Whenever I go to work, inside my small backpack there is one rather peculiar item. I use it in times there is not much to do, like while commuting or taking a lunch break, to search for new dreams and inspiration for the future.
It is the Shobunsha map number 33, covering the whole of Japanese Alps in 1:150.000 scale, which might not make it terribly detailed, but it still shows all the main trekking routes with walking times, huts and camping sites, water sources, important notes and generally every piece of information you might need to plan a basic hike in the mountains.
If you plan to stay on these main routes during the busy summer season, I can imagine this is the only map you really need, for it is virtually impossible to get lost on those alpine trails.
What I like to do though is to look at the peaks, walls and ridges, where no trails seem to be going and imagine what it must be like to climb there. But such free climbing is not too popular in the Alps these days for reasons, which are actually quite understandable.
First of all the tree line is quite high here in central Japan, with the trees giving way to the true alpine usually somewhere between 2500 and 2600 meters. Together with general steepness of the valleys, rivers broken by frequent waterfalls and very thick vegetation, it turns any remote approaches into nightmarish endeavors by itself.
The second main reason is that the quality of rock generally leaves much to be desired with piles of loose stones and constant threat of rockfall everywhere.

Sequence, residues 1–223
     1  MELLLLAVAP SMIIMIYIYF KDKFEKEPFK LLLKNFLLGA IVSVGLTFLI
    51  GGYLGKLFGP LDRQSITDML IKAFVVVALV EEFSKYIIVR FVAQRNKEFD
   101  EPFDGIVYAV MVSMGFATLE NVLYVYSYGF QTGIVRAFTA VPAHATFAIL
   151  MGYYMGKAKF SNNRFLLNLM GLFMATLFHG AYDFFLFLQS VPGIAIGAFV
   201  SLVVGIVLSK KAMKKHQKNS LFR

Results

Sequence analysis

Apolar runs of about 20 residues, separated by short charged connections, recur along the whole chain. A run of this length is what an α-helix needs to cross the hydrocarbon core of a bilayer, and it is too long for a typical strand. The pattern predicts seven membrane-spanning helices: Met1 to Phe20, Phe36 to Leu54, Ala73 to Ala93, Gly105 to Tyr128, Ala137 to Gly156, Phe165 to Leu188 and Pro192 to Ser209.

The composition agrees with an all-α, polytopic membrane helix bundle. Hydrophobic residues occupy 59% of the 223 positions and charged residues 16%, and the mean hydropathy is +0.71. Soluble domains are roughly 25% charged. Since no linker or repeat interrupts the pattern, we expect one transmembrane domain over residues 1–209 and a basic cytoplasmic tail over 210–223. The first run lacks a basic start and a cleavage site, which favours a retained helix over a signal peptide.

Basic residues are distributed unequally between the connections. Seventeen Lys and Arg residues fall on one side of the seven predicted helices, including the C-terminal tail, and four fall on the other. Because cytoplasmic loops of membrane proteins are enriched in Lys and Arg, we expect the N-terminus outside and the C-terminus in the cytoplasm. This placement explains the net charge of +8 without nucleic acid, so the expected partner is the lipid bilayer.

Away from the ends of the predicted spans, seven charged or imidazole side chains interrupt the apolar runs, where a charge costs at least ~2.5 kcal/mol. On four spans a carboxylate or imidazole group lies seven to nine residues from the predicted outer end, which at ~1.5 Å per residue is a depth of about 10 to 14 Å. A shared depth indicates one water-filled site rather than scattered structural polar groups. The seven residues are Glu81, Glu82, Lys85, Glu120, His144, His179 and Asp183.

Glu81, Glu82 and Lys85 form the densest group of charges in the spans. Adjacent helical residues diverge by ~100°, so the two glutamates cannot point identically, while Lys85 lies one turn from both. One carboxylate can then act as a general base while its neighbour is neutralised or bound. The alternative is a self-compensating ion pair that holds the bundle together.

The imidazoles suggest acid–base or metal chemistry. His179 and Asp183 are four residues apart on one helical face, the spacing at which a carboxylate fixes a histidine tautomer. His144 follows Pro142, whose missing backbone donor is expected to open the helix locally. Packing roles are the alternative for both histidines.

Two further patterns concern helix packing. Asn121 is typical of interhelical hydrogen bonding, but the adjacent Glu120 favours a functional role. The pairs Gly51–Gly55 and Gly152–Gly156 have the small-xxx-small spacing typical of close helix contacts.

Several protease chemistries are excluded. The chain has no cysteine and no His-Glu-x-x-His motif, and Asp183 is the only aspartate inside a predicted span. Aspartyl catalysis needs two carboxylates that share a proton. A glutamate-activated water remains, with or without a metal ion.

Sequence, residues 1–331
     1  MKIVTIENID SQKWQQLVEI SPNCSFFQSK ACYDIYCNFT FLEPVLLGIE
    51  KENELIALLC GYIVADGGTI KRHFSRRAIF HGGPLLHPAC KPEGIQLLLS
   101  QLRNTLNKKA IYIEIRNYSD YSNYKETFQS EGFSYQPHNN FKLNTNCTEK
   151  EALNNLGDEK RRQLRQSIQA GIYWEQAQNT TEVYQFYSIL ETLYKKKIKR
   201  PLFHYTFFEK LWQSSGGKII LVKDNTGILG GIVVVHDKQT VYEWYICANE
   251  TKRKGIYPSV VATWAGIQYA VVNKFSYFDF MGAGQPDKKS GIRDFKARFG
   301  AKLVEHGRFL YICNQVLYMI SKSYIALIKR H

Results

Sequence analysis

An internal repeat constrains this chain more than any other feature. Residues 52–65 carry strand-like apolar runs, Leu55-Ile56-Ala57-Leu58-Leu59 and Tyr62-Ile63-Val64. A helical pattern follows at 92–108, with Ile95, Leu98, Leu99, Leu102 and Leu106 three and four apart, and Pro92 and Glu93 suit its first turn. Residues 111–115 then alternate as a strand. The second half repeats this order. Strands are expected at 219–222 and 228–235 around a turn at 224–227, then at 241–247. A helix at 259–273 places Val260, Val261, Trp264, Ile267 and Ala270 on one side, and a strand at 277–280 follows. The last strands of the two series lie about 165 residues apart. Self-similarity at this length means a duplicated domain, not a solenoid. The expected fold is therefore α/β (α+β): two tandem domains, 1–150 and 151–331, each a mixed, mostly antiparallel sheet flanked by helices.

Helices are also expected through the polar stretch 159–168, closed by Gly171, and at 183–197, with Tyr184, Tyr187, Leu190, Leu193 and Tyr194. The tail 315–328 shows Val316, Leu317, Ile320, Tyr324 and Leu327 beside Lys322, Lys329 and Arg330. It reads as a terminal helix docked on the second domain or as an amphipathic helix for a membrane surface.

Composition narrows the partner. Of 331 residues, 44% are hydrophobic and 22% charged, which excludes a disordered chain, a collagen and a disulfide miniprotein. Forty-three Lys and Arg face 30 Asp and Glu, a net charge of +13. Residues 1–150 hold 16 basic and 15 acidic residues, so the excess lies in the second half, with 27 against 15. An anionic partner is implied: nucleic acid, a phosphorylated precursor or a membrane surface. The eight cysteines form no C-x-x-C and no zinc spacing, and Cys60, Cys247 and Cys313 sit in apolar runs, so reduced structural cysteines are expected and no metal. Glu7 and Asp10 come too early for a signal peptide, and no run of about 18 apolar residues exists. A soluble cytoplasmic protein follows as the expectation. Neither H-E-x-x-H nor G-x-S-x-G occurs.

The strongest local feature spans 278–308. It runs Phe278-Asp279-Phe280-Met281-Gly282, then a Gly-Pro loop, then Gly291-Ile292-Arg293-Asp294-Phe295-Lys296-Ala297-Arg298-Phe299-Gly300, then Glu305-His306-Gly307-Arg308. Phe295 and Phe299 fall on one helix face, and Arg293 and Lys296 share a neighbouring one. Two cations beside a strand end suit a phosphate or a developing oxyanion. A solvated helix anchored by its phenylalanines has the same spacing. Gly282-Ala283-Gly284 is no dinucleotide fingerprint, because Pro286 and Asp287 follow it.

There are climbing routes of various lengths and difficulties nonetheless and three of them, which I have been eyeing up for some time now, I decided to transform into this year’s summer project. They are the three famous variation routes up the rocky ridges of three equally famous mountains, namely:
The Kitaone of Maehotakadake
The Kitakamaone of Yarigatake
and the Yatsumine ridge up Tsurugidake
Because I like to give names to my dreams, let’s call it The Three Ridges project!
My plan is to attempt one at a time in three consecutive months starting with July, as soon as the rainy season is over.
Until then I won’t get anywhere into the mountains I’m afraid, but let’s make it a good time for preparation. I have already started training since the unfortunate descent of Kisokomagatake and with hope and relief I’m happy to say that I can feel no signs of trouble in my knee.
Now just to get as many days of rock climbing practice in between and let come the big days!